Mr Singer, who co-operates with the government, has described himself as a “concierge” consultant for wealthy families, bragging that he can get their children into universities with the best brands in the country.
During the trial, Mr Vavic’s lawyers said he never embezzled money or committed fraud. They said about $100,000 of the money was deposited into a USC account for the water polo teams. Another $120,000 went to pay for his sons’ tuition at a private school, money they say came in the form of scholarships from Mr. Singer’s foundation. Prosecutors said the foundation was a conduit for corruption.
The sweeping federal survey has exposed the dirty underbelly of college admissions. Federal prosecutors say a shrewd college consultant — Mr. Singer, known as Rick — was able to manipulate the preference given to recruited athletes for students who otherwise wouldn’t qualify. Prosecutors were careful to say, however, that the universities involved were not on trial and were the unwitting victims of the fraud.
In part of the investigation, prosecutors accused parents of paying Mr Singer to falsify their children’s standardized test results by exploiting the system that allows students with learning disabilities to travel to places of special tests, where Mr. Singer could bribe the test administrators. .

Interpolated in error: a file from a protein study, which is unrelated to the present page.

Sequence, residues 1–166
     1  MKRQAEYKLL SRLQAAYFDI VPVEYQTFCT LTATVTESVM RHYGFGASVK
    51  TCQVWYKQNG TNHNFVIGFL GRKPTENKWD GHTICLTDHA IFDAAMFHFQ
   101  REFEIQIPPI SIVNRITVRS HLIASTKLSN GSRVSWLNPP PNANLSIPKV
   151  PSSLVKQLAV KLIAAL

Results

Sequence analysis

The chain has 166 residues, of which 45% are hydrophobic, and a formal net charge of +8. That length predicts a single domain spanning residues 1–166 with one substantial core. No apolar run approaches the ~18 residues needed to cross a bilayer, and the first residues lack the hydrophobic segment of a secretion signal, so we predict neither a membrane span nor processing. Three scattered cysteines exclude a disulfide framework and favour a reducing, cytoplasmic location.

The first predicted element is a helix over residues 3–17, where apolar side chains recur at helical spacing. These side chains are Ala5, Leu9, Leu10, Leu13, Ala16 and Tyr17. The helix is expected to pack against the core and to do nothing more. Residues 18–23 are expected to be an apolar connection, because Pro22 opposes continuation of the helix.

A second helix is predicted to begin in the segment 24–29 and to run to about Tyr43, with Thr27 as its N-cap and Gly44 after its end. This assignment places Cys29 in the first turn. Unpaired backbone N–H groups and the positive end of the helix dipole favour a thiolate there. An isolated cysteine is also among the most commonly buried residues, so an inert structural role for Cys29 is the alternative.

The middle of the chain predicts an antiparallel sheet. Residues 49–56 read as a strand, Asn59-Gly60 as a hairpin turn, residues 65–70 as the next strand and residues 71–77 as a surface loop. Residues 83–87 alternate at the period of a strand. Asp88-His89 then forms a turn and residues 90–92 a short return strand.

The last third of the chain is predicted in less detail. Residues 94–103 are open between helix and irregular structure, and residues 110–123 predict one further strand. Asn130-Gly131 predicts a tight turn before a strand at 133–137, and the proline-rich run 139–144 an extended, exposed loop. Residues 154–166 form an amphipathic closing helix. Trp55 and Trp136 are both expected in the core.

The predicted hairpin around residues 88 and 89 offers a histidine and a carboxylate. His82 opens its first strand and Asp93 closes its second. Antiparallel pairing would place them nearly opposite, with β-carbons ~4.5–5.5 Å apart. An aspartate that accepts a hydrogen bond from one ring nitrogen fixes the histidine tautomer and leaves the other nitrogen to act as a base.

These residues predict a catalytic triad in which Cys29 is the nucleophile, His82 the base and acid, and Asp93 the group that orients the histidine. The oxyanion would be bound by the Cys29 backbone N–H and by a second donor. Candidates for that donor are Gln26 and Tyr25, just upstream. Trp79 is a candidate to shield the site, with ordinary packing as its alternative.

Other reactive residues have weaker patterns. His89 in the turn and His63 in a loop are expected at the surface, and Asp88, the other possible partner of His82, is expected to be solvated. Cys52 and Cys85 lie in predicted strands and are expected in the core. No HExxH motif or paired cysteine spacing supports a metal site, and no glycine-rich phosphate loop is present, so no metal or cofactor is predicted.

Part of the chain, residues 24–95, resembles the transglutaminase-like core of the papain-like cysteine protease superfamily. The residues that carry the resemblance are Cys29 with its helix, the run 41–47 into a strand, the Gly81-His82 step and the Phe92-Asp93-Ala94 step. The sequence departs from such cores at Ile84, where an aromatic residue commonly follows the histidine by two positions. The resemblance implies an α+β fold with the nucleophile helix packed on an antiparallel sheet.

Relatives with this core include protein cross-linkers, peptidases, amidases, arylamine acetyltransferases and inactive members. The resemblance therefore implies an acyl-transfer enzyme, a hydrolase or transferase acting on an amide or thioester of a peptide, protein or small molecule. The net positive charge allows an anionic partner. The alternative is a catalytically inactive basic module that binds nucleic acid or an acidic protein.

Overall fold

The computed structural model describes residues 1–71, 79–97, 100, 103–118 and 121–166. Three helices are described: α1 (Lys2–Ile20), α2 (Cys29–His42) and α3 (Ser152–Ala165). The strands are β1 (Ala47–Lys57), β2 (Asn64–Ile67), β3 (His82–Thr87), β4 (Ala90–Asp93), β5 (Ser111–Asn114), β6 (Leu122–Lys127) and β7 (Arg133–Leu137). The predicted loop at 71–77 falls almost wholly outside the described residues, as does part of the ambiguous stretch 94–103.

Key figures of “Operation Varsity Blues”
More than 50 people charged. In 2019, a federal investigation known as Operation Varsity Blues ensnared dozens of parents, coaches and exam administrators in a massive college admissions program that involved athletic programs at the ‘University of Southern California, Yale, Stanford and other schools.
On Friday, Judge Nathaniel M. Gorton of the U.S. District Court for the District of Massachusetts sentenced Mark Riddell, a former Florida prep school administrator who was paid to take the ACT or SAT instead of students or to correct their answers. Mr Riddell pleaded guilty to fraud and other charges and cooperated with investigators. He was sentenced to four months in prison; the judge said his sentence would have been a year had he not cooperated.
Mr Vavic’s attorney, Stephen G. Larson, told the jury that donations were part of the “lifeblood” of USC. Jurors, however, appeared to accept the prosecution’s argument that the case did not involve the donation of a large sum of money to a university. , but about lying and cheating on a college application.
Mr Larson said on Friday that Mr Vavic was “disappointed” but “respectful of the jury’s decision”, and hinted he would appeal.